Imagine going to school every day and being preoccupied. Another unpleasant incident is sure unfold – perhaps when least expected.
You’re on edge. You struggle to pay attention. Your work suffers. For thousands of students and many of our kids, this anxiety becomes a fact of life.
It’s called bullying. These days the typical outcome isn’t a black eye – but something more subtle yet just as intimidating. Words hurt, regardless of what anyone says.
And for children with language processing issues, they fixate on those words for days – reliving the moment over and over again. More intense each time.
Equally harmful is the silence of being totally ignored. Today’s cliques are brutal – fueled by social media. “Members” pass others in the hallway like they simply don’t exist.
The fall-out soon begins – with children long remembering the way they were made to feel. Most of us can relate. Four decades after the fact, one incident in junior high remains fresh in my mind.
Regardless of what any administrator says, NO public, charter or private school is immune. Bullying happens every day and often goes undetected. Unfortunately, some of the worst offenders are the students least expected to be out of line. As a result, they get away with their actions – empowered to bully again. A classic case of “he said, she said” – with the powerless having no voice.
In some cases, the victims fear retaliation.
Better to be safe and say nothing.
One incident with my youngest son reinforces that point. In fourth grade he sang at his school talent show before an evening crowd of supportive families, teachers and friends. With the show such a hit, the principal announced an encore performance the following day for the entire student body.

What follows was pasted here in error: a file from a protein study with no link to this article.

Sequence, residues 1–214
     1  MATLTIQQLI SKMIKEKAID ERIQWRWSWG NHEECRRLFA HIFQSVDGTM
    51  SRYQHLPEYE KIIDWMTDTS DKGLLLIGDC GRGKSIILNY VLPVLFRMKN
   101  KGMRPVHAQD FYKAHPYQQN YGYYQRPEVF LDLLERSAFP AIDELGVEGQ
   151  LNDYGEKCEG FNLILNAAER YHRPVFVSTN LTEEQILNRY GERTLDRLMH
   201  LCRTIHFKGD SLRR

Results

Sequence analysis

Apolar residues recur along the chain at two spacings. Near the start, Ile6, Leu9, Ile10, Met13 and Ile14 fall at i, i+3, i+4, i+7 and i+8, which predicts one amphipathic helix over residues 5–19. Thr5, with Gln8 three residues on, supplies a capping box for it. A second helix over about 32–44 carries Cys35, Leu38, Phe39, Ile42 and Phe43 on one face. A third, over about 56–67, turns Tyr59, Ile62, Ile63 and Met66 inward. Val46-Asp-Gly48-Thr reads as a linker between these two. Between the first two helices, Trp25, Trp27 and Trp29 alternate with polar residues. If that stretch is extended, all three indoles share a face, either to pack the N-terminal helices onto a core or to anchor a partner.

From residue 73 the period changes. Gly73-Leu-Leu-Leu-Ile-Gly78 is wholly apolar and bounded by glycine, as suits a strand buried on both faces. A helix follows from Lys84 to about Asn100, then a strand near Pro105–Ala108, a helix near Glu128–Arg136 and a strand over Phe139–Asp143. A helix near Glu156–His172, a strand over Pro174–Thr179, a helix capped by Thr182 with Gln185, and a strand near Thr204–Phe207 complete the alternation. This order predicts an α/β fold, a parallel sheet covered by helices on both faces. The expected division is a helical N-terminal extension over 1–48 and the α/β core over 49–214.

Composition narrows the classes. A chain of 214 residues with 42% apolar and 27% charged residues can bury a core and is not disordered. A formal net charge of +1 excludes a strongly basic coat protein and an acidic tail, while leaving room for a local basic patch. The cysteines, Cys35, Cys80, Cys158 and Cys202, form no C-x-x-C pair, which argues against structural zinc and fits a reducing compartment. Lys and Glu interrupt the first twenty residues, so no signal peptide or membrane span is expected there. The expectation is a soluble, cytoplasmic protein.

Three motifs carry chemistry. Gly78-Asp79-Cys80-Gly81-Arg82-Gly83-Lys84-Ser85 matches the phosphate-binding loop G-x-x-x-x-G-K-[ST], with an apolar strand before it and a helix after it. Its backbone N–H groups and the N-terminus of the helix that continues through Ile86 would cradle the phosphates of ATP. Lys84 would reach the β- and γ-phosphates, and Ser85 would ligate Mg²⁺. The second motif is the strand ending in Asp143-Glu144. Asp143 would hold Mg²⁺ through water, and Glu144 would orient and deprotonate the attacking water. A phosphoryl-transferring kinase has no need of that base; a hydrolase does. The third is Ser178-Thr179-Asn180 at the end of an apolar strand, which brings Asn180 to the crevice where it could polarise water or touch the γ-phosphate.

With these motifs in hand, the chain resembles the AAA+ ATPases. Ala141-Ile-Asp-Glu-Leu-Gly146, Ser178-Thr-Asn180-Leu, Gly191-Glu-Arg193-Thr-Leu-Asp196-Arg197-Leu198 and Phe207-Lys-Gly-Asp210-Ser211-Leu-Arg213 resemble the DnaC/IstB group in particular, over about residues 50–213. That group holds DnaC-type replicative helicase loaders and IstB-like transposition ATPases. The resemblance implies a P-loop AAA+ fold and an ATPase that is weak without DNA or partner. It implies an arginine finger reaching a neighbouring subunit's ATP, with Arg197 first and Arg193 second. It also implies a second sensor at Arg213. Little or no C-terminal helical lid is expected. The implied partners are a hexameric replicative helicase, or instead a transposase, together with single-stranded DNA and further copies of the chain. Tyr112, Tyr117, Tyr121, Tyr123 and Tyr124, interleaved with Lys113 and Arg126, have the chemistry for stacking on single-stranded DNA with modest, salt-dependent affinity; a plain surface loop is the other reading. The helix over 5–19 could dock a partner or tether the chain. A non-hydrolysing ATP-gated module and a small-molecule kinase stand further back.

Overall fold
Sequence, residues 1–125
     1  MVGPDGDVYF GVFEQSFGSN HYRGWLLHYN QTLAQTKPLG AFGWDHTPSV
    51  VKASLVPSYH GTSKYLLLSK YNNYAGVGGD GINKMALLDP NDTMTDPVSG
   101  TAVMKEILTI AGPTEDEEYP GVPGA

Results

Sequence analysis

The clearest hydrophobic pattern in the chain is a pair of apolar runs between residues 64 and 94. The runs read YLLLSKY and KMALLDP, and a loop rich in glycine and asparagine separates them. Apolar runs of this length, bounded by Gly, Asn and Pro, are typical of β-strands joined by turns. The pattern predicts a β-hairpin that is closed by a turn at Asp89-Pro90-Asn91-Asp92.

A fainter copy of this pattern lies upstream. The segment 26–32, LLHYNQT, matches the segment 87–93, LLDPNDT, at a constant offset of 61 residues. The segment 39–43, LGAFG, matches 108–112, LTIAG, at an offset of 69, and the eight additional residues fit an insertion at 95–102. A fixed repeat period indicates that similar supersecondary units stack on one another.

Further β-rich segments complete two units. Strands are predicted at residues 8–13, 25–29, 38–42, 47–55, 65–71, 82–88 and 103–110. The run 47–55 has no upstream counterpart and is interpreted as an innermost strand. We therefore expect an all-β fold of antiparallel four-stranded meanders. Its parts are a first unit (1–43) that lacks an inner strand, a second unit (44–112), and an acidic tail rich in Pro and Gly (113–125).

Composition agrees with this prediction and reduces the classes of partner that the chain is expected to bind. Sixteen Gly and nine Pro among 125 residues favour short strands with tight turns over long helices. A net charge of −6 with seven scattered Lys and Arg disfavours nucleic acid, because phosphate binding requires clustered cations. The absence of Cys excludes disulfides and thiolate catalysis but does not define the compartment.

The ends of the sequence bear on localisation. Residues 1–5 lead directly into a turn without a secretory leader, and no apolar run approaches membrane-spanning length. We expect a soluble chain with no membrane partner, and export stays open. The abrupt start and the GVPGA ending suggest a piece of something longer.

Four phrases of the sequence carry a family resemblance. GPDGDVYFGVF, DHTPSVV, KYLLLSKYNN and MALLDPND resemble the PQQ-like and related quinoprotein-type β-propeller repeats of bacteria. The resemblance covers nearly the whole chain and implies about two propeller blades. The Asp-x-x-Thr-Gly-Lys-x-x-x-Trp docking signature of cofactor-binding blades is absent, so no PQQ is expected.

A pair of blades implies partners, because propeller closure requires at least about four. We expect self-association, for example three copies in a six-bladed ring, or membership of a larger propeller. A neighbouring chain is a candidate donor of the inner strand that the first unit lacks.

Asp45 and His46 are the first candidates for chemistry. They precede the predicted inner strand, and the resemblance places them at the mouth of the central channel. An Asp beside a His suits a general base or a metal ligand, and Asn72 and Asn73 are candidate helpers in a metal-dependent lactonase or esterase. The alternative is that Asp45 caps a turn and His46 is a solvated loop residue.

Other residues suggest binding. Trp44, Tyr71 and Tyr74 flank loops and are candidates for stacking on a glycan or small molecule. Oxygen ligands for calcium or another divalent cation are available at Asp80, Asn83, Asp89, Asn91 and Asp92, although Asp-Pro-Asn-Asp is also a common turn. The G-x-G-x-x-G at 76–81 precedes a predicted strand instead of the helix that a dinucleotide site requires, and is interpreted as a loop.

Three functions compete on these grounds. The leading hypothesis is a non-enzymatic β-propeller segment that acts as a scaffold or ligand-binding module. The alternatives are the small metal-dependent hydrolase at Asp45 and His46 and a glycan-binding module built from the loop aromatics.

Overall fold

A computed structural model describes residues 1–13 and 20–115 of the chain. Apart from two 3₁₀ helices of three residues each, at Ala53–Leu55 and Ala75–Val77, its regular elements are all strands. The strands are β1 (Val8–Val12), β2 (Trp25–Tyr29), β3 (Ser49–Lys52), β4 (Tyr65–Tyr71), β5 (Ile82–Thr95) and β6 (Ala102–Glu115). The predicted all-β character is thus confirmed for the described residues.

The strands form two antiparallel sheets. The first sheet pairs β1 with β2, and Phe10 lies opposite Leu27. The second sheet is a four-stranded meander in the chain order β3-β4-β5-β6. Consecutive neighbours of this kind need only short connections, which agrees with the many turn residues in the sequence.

Well, some things don’t turn out as expected.
Although my son sang impressively, two boys cornered him in the bathroom at the end of day. Each took turns verbally assaulting him.
What started as a very special day turned into a nightmare!
For years I didn’t hear about that incident, because my son was embarrassed. He was also sure of my response, “Ignore the fools, and they will stop.” Even though he had already convinced himself that it would not.
Sadly, the damage was done. My son never sang a solo in public again. If I want to hear his wonderful voice, I must stand quietly outside his bedroom door.
Looking back, I should have noticed the warning signs.
Loss of interest
Increased negative self-talk
Passive aggressive behavior at home and school
Self-esteem is fragile. Therefore, we must guard the dignity of our children and not be afraid to listen. And I mean really listen – not just hear. Never shame.
Later, my daughter made an interesting point about her middle school years. When teachers actively monitored the hallways, bullying happened much less frequently. If it did, administrators dealt with the perpetrators swiftly.
But once backs were turned, bullying reared its ugly head in an instant.
No doubt, the next victim could be someone you know. Perhaps your niece, grandchild or neighbor’s son. Maybe your own child.
Let’s all keep our eyes open and stop bullying before it starts. DCP
Craig Peterson publishes EACH Child every Tuesday. To subscribe, open this link and “Like” the page. EACH Child is Special: Working Smarter Not Harder to Raise Every ONE
To follow Craig’s progress in writing a book about raising his six children with special needs, click here. Adopting Faith: A Father’s Unconditional Love
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